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I thought you would be interested in this article from environment: YALE magazine, the Journal of the Yale School of Forestry & Environmental Studies.
The Copenhagen summit would surely be considered a disappointment if the ratification of an international climate treaty were the only measure of success. The agreement by nations to only “take note” of an accord that limits the increase in global temperatures to 2 degrees Celsius (3.6 degrees Fahrenheit) above preindustrial levels is as frustrating in its timidity as it is a serious cause for concern. Only two years ago, the upper limit of a safe atmospheric concentration of carbon dioxide was considered to be 350 parts per million, but current levels are now approaching 390 parts per million. The preindustrial level of carbon dioxide was approximately 270 parts per million. The world needs to act in concert, and soon, to halt this alarming trajectory and its concomitant pernicious effects on us and on the biosphere.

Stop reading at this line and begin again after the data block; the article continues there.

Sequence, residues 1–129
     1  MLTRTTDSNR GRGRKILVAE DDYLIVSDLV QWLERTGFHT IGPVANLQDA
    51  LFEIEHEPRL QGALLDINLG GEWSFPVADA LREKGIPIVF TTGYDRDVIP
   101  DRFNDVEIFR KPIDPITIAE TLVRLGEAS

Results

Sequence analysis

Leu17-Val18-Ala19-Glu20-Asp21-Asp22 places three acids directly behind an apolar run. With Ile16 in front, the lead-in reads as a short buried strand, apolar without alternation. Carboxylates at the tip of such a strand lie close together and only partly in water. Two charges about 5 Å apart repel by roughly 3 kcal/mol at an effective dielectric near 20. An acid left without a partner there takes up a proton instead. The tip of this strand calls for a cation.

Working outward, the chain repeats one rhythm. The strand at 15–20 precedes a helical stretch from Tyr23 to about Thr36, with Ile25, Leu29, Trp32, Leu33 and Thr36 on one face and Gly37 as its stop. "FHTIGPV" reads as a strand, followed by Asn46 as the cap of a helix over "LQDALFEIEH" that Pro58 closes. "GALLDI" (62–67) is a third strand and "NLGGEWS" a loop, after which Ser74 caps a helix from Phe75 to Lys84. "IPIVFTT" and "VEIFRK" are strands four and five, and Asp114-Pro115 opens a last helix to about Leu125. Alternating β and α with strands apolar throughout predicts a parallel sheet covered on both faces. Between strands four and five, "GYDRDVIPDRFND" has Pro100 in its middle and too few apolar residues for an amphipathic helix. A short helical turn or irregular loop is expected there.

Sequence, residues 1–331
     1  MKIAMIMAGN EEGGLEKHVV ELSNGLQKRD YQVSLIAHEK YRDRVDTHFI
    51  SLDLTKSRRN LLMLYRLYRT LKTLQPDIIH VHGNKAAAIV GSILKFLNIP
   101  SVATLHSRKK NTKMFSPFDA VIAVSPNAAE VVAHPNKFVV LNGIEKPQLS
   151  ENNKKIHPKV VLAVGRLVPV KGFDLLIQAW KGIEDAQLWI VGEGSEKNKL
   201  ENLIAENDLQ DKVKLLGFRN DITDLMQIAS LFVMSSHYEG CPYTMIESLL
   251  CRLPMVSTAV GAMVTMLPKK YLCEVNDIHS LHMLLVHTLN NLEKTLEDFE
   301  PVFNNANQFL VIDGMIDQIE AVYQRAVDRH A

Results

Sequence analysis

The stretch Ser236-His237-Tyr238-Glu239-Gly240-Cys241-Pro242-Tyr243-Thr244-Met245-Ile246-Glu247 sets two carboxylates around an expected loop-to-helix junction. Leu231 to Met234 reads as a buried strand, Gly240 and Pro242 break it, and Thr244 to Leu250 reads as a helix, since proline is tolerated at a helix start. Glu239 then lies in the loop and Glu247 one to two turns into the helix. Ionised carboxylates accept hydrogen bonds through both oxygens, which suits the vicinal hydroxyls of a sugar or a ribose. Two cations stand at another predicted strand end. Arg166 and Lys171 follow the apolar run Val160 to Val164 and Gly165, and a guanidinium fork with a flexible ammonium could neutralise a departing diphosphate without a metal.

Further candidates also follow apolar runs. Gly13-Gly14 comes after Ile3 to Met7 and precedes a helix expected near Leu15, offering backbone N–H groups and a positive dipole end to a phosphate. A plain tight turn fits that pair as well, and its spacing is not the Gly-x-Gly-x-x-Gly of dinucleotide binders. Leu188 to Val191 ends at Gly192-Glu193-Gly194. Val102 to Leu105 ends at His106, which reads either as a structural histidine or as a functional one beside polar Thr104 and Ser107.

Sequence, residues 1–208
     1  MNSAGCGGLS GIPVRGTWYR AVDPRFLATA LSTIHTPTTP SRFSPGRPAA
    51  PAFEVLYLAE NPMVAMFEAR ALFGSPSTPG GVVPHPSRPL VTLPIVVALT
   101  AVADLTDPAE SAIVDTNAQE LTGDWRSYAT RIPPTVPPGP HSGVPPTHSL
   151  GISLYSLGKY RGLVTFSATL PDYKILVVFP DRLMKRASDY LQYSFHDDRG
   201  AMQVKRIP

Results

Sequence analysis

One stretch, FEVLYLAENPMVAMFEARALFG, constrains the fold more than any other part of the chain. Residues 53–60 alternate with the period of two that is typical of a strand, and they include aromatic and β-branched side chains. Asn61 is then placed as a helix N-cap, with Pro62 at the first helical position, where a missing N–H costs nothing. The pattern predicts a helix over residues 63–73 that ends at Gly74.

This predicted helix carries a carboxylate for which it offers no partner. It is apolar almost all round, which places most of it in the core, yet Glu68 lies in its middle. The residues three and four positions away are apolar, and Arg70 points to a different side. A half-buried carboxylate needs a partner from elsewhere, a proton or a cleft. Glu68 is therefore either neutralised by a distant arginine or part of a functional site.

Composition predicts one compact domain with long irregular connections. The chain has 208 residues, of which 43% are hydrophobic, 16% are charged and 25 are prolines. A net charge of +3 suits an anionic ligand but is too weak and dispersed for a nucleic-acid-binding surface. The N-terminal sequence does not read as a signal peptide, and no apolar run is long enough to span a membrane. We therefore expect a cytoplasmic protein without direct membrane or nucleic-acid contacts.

But being an optimist by nature, I am encouraged to report that out of the chaos of Copenhagen emerged a few hopeful signs. The presence of so many heads of state at the summit reflected a growing recognition that climate change is no longer just an environmental issue, consigned to some green ghetto, but a core issue of global concern that needs to be addressed in international negotiations on trade, economic development, competitiveness and public health. And at least from the perspective of Yale’s involvement, the summit could be considered a rousing success.
Yale’s 90-strong delegation in Copenhagen included…
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